What are assurance schemes?
Assurance schemes set out a series of standards that must be met in order for a product (in this case grain) to be considered assured. Producers are audited to ensure they comply with the standards, and any non-conformances have to be rectified if a producer wishes to continue to be assured.
Assurance schemes give buyers confidence the commodity they are purchasing has been produced to a set of standards, for example around food safety and environmental impacts.
Is UK wheat assured?
All home-grown wheat used by UK flour millers is assured within one of the two main assurance schemes operating in the UK.
The largest of these is Red Tractor which has 18,000 arable members within a well-established scheme. UK Flour Millers is represented on the Red Tractor Crops Board and has taken an active role in ensuring that standards fulfil the requirements of millers and meet food safety aspects. The system has a strong audit base which is under constant review and improvement.
A similar scheme operates mainly in Scotland which is Scottish Quality Crops (SQC). Scotland grows approximately 1% of the UK wheat crop and this is used for malting, flour milling and animal feed. Most of the milling wheat is used for biscuit making. Although 85% of the Scottish cereal crop is assured under SQC, flour millers will only source assured wheat.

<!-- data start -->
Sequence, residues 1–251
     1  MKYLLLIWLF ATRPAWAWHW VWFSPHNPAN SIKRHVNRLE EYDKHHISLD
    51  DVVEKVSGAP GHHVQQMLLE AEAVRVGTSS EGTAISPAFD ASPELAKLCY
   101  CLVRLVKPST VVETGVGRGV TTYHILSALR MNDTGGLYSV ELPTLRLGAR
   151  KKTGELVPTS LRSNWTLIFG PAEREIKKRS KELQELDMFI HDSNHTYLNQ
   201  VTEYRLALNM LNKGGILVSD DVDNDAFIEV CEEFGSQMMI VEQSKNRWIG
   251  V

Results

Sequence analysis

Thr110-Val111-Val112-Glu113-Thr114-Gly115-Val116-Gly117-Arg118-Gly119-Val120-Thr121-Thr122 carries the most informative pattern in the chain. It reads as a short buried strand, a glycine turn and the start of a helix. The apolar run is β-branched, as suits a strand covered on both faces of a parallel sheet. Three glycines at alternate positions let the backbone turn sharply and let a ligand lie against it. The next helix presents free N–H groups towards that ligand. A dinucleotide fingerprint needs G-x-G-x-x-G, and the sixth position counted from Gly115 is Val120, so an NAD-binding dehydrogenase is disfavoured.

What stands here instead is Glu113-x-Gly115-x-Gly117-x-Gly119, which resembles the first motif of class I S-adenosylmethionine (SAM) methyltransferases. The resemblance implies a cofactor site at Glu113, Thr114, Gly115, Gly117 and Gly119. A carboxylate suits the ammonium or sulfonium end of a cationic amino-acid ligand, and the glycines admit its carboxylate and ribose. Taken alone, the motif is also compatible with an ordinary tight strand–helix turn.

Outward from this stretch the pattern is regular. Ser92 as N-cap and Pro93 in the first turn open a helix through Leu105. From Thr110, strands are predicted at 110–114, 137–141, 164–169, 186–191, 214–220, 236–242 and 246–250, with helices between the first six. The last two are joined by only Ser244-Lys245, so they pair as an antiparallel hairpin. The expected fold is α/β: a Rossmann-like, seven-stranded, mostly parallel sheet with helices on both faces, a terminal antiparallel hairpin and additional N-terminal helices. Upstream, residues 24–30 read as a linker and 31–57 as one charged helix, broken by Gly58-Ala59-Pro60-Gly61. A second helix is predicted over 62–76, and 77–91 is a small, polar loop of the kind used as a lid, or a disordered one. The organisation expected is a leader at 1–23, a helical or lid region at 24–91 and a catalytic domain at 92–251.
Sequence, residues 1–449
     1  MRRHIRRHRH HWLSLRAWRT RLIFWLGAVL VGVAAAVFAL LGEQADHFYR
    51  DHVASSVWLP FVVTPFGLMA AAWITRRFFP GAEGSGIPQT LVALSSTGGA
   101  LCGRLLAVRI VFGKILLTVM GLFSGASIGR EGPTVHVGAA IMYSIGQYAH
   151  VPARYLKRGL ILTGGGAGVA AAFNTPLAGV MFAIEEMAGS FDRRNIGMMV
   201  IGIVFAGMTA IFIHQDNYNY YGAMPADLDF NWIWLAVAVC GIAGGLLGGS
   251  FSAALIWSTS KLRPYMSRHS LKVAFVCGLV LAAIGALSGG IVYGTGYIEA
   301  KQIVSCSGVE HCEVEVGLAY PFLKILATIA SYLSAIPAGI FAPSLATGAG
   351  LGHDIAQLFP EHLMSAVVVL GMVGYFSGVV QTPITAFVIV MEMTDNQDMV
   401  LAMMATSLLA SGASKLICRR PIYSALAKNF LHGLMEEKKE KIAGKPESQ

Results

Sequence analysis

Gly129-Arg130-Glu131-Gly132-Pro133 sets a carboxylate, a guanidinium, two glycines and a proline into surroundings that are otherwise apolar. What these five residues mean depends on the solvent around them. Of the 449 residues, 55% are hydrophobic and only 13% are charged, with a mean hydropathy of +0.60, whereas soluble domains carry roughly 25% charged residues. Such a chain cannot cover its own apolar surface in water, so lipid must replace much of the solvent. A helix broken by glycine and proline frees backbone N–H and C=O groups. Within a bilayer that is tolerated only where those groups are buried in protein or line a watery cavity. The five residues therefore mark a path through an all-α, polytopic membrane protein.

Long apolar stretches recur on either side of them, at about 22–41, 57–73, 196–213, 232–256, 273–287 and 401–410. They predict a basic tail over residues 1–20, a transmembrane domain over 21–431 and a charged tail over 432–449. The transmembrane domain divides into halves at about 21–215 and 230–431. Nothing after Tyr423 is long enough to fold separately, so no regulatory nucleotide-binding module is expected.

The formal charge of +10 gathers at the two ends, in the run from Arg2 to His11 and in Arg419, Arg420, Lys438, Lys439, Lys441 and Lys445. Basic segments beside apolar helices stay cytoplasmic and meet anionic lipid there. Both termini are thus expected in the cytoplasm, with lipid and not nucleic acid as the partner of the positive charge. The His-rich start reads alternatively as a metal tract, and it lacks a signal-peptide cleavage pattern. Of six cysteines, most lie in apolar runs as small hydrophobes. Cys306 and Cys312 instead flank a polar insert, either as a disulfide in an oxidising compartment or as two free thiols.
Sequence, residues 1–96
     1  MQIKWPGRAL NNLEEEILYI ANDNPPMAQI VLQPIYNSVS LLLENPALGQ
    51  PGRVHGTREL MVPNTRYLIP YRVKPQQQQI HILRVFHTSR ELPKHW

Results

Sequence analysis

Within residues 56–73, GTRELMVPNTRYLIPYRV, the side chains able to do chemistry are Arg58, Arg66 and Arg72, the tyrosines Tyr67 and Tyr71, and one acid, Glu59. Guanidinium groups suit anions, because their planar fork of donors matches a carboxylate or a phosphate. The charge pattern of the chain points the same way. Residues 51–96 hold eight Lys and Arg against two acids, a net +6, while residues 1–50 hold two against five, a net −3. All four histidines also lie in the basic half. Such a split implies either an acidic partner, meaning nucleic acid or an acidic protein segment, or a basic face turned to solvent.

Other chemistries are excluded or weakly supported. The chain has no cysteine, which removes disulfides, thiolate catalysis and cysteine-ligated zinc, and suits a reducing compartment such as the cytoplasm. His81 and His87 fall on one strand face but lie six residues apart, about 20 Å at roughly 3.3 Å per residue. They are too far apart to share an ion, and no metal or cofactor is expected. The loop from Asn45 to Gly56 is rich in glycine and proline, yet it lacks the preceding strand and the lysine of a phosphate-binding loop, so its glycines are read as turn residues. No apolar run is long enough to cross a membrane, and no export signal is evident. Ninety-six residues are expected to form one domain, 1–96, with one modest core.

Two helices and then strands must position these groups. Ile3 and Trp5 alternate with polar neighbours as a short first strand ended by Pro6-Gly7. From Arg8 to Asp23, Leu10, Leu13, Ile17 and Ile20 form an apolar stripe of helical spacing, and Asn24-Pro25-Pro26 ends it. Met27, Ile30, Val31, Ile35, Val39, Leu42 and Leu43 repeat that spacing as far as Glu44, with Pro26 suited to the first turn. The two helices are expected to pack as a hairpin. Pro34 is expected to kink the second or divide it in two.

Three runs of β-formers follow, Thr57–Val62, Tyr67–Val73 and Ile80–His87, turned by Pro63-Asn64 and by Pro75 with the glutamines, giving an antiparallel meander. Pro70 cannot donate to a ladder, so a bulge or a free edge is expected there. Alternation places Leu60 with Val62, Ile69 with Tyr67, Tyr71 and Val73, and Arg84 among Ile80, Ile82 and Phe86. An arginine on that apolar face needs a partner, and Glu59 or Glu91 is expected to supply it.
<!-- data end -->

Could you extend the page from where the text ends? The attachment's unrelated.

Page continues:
There are several other assurance schemes such as the LEAF Marque and Soil Association schemes. All certifying bodies must comply with national and EU standards.
Another assurance scheme relevant to wheat and flour production is the TASCC Assurance scheme, which covers aspects relating to wheat merchants, stores and transport. The scheme maintains assurance from farm to mill by ensuring that the same high standards are upheld in grain transport from farm, storage and delivery to mill.
Red Tractor: www.redtractor.org.uk
Scottish Quality Crops: www.sqcrops.co.uk
Soil Association: www.sacert.org